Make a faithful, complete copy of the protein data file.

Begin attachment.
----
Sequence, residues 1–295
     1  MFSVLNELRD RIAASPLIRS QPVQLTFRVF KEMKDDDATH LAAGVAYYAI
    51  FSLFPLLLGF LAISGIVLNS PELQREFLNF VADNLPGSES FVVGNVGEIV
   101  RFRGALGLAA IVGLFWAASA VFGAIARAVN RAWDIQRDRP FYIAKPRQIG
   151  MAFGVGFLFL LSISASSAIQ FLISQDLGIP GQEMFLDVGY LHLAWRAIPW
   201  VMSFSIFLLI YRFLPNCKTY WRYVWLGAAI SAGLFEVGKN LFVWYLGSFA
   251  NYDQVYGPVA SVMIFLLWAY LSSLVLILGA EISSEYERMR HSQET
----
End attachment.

Sequence, residues 1–295
     1  MFSVLNELRD RIAASPLIRS QPVQLTFRVF KEMKDDDATH LAAGVAYYAI
    51  FSLFPLLLGF LAISGIVLNS PELQREFLNF VADNLPGSES FVVGNVGEIV
   101  RFRGALGLAA IVGLFWAASA VFGAIARAVN RAWDIQRDRP FYIAKPRQIG
   151  MAFGVGFLFL LSISASSAIQ FLISQDLGIP GQEMFLDVGY LHLAWRAIPW
   201  VMSFSIFLLI YRFLPNCKTY WRYVWLGAAI SAGLFEVGKN LFVWYLGSFA
   251  NYDQVYGPVA SVMIFLLWAY LSSLVLILGA EISSEYERMR HSQET